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Cutaway diagram of a laparoscopy: to magnify, please click on the image.

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This is how the Laparoscopy Works

Your physician has recommended that you undergo a laparoscopy. Even if this involves a routine intervention lasting a few minutes, you are most likely uncomfortable and would like to learn more about this upcoming procedure. The following information is intended to help you in this regard. We are happy to also make an appointment for you, when you can become acquainted with the physician, nurses, and the facilities prior to the procedure. Please bring a referral notice from your physician. We also require a blood profile, and if possible, a current potassium and coagulation reading. Please ensure that you will be able to be picked up by an accompanying person after the operation.

Take particular care not to eat, drink, or smoke up to 6 hours before the appointment for the operation. Please consume your regular medications after getting up, along with water.

The Intervention Itself

At first you will receive a consent approval form that has been prepared by us. Please read this form carefully and then submit it to us signed. You will then have enough time for a discussion with the physician, during which you can clarify still outstanding questions. We take pains to avoid waiting times. However, sometimes intervention procedures with other patients end up taking more time than expected, such that we ask for your understanding in the event of unforeseen waiting times.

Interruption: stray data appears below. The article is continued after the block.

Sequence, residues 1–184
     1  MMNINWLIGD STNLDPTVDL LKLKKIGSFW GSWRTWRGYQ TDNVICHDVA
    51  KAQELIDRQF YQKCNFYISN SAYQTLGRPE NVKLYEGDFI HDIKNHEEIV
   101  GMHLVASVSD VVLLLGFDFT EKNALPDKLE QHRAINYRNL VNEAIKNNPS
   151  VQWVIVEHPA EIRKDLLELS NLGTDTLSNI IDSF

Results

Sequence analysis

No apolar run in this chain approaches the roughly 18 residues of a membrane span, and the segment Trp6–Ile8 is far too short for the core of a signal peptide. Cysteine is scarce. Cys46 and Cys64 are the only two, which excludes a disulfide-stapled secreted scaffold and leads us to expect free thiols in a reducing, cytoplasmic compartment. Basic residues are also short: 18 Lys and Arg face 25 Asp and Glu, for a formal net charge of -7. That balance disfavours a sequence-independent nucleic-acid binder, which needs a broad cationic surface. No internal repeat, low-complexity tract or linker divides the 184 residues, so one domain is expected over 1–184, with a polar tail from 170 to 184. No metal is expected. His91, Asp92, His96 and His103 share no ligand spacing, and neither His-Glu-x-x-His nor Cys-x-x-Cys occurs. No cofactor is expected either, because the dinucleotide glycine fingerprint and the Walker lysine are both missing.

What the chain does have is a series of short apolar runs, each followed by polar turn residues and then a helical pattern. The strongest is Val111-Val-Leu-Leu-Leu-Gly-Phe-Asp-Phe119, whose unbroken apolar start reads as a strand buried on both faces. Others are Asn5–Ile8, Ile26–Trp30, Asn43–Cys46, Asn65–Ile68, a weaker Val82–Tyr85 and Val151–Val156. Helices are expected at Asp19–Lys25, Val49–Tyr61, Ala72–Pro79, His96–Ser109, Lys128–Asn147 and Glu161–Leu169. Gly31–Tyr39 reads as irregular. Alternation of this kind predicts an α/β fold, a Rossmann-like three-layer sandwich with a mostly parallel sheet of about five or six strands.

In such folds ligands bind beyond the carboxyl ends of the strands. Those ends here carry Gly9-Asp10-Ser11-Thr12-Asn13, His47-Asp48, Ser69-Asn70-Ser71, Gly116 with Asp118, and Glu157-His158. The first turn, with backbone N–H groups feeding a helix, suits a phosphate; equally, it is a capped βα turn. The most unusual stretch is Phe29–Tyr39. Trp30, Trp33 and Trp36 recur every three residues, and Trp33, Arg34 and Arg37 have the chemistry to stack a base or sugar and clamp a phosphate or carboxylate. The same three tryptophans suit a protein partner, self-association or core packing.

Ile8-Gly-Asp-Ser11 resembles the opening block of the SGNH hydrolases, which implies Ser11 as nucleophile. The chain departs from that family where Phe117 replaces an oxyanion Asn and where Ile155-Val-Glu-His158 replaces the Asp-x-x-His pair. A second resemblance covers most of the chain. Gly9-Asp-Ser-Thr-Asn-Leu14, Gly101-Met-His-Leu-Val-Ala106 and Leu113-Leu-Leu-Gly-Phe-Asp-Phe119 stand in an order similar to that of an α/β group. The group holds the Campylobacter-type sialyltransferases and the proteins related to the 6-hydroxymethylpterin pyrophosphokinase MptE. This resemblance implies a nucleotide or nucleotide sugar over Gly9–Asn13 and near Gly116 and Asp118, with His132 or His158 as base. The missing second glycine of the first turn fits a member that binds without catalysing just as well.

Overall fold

Under full anesthesia, an optical instrument will be inserted around the area of the navel into the stomach cavern. Prior to this, the stomach cavern will be filled with a gas in order to improve vision and to make more space available for the intervention. Sometimes, in particular when small interventions are to be made into the stomach cavity, it is necessary to make further insertions for special instruments in the lower abdomen. The laparoscopy takes approximately 15 to 20 minutes. Then you will be taken to a resting room. After three to four hours, you will normally be once again fit to leave the practice in the company of another person.

Please remember that after undergoing anesthesia you may not actively participate in vehicle traffic, use any public transportation, operate machinery, drink any alcohol or make any important decisions.

After the Intervention

After the intervention stomach pains may occur, as a part of which in particular upper abdominal pains may be caused by leftovers of the gas, and also pain radiating into the shoulders. This is however not dangerous, and will decline in the first few days after the intervention. After approximately one week, the sutures will have to be removed by your referring physician.

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